Magazine Article


Commerce Spotlight Shines on GEN Y


Commerce Spotlight Shines on GEN Y

Tech Savvy, Financially Backed and 30 Million Strong...Gen Y Busts Loose

by Theano Nikitas

June 2001

Call them what you will - Gen Y, Echo Boomers, Millenials - but regardless of the label, the youth market is huge and is spending money like crazy.
According to FujiFilm's Matt Knickerbocker, Vice President, Marketing (Consumer Markets Division), there are 30 million teens ages 13-19 wandering among us, spending about $150 billion a year and shelling out, on average, up to $200 a month directly on themselves.

But it's the teens that have their own money, earned from part-time jobs and allowances. At a recent PMDA presentation, Lynn Lehmkuhl, President of TEEN Magazine estimated, for example, that the average weekly income of teens is $85 a week. Growing up in a booming economy, it's no wonder that teens have achieved this kind of economic independence at such an early age.
Additionally, according to Knickerbocker, 22% of high school students have a credit card in their own name, obtained for them by their parents. This percentage does not include the new types of prepaid cards like Visa Bucks or the American Express Blue Card. This year, says Knickerbocker, "the credit card companies are beginning some very aggressive target marketing to 16 year olds and up and we think that number is going to rise pretty dramatically."
The numbers here speak for themselves - the youth market has the money and they are spending it. Not surprisingly, there are an enormous number of companies and retailers vying for kids' dollars. If you want to get in on the action, it's important to understand a little bit about what makes these consumers tick.

Did You Know That:

• Teens influence 20% of household spending -
Lynn Lehmkuhl, TEEN Magazine

• 12-15 year olds are experimental and will try
different brands; 16-19 year olds are learning
brand loyalty. - Lynn Lehmkuhl, TEEN Magazine

• 36% of one-time-use cameras are used by people
under age 18; seasonality within that age groups
isn't as pronounced as it is with grown-ups (kids
take the camera on school trips, to parties, etc. all
year round). - Matt Knickerbocker, FujiFilm

• 18-24 year olds consume 26% of APS film; they
like the drop-in loading and index prints.
- Matt Knickerbocker, FujiFilm

Savvy Consumers
Media-saturated teens are especially savvy consumers. Many understand the basic tenets of marketing, knowing exactly when (and, often, how) they're being targeted. Because of this, they can be a marketer's harshest critics. These kids are sharp and, not surprisingly, Lehmkuhl points out that until the 1980's marketers picked the trends. Now, however, teens are in the director's seat and deciding the trends themselves. And, in this wired world - of which teens are major participants and innovators - trends spread like wildfire across the country and the world.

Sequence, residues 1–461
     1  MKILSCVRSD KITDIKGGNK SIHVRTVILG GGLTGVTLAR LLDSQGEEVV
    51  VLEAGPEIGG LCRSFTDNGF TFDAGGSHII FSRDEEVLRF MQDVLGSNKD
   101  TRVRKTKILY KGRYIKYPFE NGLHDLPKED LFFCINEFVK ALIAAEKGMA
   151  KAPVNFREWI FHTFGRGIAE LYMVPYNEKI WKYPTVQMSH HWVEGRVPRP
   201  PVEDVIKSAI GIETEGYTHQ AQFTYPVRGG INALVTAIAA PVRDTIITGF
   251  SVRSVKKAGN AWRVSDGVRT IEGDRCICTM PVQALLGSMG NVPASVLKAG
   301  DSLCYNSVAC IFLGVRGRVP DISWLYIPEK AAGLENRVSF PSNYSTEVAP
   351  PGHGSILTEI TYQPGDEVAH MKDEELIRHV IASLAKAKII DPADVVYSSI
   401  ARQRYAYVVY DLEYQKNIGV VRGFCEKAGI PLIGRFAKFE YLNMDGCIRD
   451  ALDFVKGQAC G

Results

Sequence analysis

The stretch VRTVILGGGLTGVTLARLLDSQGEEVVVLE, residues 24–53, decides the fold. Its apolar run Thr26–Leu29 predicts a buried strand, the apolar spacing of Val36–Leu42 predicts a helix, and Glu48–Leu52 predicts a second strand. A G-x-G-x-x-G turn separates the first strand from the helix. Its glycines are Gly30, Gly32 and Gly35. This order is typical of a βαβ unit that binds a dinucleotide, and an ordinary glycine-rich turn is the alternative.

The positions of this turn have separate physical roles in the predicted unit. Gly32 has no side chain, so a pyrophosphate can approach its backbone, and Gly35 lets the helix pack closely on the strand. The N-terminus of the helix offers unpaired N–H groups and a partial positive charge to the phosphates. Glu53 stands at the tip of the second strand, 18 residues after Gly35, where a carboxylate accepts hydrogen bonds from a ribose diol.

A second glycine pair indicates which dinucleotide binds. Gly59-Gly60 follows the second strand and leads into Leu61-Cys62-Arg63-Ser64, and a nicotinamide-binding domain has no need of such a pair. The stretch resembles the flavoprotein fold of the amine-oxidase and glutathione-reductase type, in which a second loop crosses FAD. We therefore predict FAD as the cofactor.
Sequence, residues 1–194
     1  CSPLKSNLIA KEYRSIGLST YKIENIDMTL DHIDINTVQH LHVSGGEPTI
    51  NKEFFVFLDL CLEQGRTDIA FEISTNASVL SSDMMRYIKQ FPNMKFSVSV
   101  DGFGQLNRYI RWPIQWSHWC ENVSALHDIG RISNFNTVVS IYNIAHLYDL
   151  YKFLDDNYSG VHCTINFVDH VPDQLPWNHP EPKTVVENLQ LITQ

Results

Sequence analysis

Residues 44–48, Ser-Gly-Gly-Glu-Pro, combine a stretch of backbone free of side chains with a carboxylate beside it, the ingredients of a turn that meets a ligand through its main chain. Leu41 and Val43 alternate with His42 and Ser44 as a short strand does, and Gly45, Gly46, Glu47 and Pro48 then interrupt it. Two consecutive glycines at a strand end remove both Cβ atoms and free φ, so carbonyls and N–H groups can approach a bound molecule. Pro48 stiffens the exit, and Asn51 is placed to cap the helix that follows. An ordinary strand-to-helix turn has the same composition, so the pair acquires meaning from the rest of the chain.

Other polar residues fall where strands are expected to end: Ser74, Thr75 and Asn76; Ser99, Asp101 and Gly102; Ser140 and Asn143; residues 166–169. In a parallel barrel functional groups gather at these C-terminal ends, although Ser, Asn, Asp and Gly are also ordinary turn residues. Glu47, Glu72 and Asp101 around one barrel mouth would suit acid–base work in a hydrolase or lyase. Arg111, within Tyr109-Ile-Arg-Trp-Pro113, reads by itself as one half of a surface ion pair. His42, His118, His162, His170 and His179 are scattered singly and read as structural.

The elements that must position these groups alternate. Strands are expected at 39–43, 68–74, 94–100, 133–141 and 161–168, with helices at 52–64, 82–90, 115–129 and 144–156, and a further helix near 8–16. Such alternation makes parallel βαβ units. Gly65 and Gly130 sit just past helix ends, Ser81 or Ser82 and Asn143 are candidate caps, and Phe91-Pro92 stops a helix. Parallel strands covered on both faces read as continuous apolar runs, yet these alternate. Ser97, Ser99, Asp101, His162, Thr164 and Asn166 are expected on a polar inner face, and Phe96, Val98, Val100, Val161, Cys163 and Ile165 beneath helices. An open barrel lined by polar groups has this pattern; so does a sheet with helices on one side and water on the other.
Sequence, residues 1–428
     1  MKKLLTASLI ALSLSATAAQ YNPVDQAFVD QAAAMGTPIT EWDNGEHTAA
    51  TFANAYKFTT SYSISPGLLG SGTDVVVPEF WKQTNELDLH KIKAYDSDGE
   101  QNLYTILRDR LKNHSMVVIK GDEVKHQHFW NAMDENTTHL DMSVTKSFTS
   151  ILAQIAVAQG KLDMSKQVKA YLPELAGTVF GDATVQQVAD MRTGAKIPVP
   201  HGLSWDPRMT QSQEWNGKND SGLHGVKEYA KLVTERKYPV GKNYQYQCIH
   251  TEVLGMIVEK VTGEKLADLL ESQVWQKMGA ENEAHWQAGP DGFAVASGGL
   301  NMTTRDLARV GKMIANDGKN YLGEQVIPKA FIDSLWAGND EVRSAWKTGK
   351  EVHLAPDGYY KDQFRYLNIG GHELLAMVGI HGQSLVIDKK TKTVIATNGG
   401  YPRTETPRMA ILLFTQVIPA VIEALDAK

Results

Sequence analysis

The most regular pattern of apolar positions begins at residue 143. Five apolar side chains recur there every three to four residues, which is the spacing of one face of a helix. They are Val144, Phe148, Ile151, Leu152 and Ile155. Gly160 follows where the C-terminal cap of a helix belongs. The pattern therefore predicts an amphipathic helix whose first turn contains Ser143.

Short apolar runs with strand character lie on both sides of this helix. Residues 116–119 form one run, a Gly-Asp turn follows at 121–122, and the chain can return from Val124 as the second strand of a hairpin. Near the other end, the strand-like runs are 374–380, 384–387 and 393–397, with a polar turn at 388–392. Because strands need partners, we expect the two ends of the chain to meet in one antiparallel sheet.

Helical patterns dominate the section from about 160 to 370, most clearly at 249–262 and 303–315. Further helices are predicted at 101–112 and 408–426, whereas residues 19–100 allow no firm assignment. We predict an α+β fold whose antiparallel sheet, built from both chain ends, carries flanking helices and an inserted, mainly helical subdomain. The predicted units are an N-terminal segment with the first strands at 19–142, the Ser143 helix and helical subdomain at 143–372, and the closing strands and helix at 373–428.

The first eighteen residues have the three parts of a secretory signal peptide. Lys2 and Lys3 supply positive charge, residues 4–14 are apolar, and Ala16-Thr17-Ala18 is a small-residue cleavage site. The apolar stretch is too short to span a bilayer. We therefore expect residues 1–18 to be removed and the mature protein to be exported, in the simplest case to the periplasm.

Although teens are brand aware, they have yet to establish brand loyalty. Instead, says Knickerbocker, teens are "heavily influenced by friends" and, in fact, may sometimes favor the opposite of their parents' brands. But perhaps the most appropriate description we've heard is Lehmkuhl's reference to teens being "brand obsessive."

However, whatever the brand-of-the-day, -week, -month (or six months), you can bet that the next obsession is just around the corner. Roni LaCoste, Group Marketing Manager, Polaroid Corporation emphasizes, "Teens are ever-changing and they want things to change." Lehmkuhl estimates that what was news and trends for teens six months ago is probably old news now.
To keep kids interested, Polaroid, for example, periodically introduces new colors for its i-Zone products. Interchangeable faceplates, in different colors, are included with the i-Zone Instant Pocket Camera (faceplates can be purchased separately as well) so kids can keep fashionable with the latest hot colors or color-coordinate the camera with their outfit.
Keeping pace with what's hot and what's not isn't as difficult as you may think. Watch TV, browse through magazines, surf the 'Net and, if there are any teens or tweens in your family or neighborhood, talk to them, pay attention to what they do/wear/say (but be careful not to be a POS - Parent (snooping) Over Shoulder.
Music is a great influencer; the "number one activity among teens," says LaCoste, so it's no wonder that Polaroid has developed activities and contests around the latest and greatest bands (look at a girl's bulletin board or room and you're likely to find pictures of at least one boyband). This year's affiliation is with the Backstreet Boys and, in fact, the i-Zone Instant Pocket Camera is the "official" camera of the band's Black and Blue tour, so make sure you have some in stock if the tour comes to your area.
Keeping in line with teens' interest in music, Kodak, Fuji, Konica and Polaroid (among others) all have digital cameras that incorporate an MP3 player and Polaroid will be releasing a Pocket Camera with a built-in FM radio this fall. Technophiles R Us
There's no doubt that Generation Y is technologically savvy. Technology is an integral part of many kids' lives. Younger kids sometimes learn how to use a mouse before they can write their name with a crayon.
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